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When the Losers Won
Norman Ward

At the time this article was written Norman Ward was a professor in the Department of Economics and Political Science at the University of Saskatchewan in Saskatoon.

When one considers how many years parliamentary institutions have existed both before and after Confederation, in the ten Canadian provinces, in the two territories, and in the federal Parliament, it is not surprising, that a number of very unusual incidents have taken place. In this article the author brings to light an oddity that happened not once, but twice, in Saskatchewan!

Legislatures commonly accept the winner of an election in any constituency as the person to seat on the floor of the chamber, but on two occasions the Saskatchewan Legislative Assembly has, for good reasons, decided to seat the runner-up. The assembly did not, either time, merely unseat the winner and vacate the seat to be filled through the electoral process. Both times, the original winning candidate whose company was lost to the assembly was a government supporter whose fellow members on the majority side acquiesced in his departure.

The first occasion was a feature of Saskatchewan's first election after it was created as a province in 1905. The general election of December 13, 1905, produced these results in Prince Albert, a sprawling lightly populated constituency which excluded Prince Albert City: Peter David Tyerman (Liberal) 411; Samuel James Donaldson (Provincial Rights) 316. The Saskatchewan Executive and Legislative Directory, 19051970, published by the Saskatchewan Archives Board, adds to its record of that polling a laconic footnote: "On April 2, 1907, by order of the Legislative Assembly, 151 votes recorded for Peter David Tyerman were set aside, and Samuel James Donaldson was declared duly elected."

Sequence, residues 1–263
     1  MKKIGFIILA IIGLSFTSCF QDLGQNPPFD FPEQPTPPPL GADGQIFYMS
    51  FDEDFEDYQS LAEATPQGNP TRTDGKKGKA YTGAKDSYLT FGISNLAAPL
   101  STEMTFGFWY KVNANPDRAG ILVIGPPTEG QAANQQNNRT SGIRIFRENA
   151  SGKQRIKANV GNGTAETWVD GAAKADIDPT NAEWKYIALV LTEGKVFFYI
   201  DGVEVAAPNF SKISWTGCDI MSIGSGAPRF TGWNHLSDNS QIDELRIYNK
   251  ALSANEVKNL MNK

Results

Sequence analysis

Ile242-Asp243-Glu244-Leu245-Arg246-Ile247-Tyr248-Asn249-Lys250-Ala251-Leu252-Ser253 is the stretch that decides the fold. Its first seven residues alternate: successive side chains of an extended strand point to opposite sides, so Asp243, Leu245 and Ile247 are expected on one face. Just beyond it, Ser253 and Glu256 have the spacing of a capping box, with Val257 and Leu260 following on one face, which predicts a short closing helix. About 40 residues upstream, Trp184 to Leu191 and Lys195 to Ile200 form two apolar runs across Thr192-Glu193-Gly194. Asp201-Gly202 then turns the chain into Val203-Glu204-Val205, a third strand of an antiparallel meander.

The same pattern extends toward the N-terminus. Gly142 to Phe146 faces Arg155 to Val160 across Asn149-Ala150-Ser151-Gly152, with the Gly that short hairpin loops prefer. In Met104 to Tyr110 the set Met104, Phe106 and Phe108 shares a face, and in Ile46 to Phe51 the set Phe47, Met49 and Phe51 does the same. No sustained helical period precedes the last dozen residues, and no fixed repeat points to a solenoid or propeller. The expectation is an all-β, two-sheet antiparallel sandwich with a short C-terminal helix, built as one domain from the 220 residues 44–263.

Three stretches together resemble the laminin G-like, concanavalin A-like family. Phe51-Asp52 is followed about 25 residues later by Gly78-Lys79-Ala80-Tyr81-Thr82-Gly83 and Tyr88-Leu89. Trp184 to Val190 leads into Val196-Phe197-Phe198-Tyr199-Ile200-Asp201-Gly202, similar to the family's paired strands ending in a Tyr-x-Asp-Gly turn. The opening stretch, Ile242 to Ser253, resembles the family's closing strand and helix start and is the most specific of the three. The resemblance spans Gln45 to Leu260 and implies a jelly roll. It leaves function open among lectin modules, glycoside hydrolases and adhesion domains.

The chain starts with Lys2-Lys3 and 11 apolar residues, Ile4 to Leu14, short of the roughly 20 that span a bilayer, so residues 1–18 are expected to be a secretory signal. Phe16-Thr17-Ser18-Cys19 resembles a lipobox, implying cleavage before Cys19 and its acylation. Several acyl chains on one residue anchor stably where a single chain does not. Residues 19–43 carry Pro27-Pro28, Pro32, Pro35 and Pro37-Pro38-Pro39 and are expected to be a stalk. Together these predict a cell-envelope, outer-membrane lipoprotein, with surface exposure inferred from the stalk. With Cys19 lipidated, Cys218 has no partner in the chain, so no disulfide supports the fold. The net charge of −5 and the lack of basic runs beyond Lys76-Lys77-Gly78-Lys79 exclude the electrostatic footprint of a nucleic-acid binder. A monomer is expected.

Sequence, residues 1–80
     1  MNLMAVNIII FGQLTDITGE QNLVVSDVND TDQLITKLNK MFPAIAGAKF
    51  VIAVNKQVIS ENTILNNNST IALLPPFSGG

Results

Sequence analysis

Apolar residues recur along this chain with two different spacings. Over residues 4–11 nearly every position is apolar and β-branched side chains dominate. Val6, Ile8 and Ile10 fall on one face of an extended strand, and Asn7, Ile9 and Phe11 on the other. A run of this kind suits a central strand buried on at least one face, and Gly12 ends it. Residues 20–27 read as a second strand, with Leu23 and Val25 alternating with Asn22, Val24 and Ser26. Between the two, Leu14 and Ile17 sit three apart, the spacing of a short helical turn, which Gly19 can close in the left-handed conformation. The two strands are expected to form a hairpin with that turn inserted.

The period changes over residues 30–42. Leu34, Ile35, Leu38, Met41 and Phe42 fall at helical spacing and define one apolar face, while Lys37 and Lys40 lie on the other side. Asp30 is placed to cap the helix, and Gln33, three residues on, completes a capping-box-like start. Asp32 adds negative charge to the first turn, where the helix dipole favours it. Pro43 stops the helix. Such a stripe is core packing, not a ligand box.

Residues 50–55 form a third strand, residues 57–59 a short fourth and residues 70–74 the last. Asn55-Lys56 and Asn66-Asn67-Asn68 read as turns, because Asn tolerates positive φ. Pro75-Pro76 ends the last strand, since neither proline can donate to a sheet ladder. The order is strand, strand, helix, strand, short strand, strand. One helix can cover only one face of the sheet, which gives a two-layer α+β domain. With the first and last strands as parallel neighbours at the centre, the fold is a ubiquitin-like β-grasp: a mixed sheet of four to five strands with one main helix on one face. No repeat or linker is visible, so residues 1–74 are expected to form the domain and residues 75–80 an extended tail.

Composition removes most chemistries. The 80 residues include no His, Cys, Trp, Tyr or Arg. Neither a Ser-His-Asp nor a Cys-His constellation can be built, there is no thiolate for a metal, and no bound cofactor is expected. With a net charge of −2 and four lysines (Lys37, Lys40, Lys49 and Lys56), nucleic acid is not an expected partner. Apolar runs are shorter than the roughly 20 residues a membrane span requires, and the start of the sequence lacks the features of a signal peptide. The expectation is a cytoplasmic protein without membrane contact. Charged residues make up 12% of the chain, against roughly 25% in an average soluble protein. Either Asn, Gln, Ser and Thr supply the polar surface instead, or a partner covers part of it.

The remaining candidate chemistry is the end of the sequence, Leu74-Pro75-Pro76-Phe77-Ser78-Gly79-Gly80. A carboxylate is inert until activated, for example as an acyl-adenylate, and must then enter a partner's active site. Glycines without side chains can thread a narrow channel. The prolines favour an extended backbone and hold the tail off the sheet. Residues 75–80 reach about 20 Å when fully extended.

Behind the footnote lies an arresting fact: the reason 151 of Tyerman's votes were set aside was that they were recorded in three remote polling divisions where in fact no poll had been held. How the votes were recorded and reported was never made entirely clear, but nobody, including Tyerman, appeared to dispute that they were fraudulent. He attempted to resign the seat on January 22, 1906, but failed because his return had not yet been gazetted. At the same time Donaldson petitioned to be awarded the vacancy. The assembly agreed to the petition on April 2, 1907, in a lengthy motion which, after reciting in detail the relevant facts and related precedents, included as its substantive portion: "That the Clerk of the Executive Council be summoned by Mr. Speaker to attend the Bar of the House and amend his certificate relating to the return o the member elected to represent the electoral Division of Prince Albert at the election held on the 13th December, 1905, by inserting the name of Samuel James Donaldson in lieu of the name of Peter David Tyerman."

One could at least argue that the legislature in that motion seated a man who had no more right to the seat than any other qualified citizen. When Tyerman's resignation became effective, the seat was vacant. Had he not resigned, and action been possible under election law, (technically it was not) the result would again have been a vacancy. But when the legislature, in its might, decided with the support of both sides in the house to seat Donaldson, there was nobody to say it could not do so.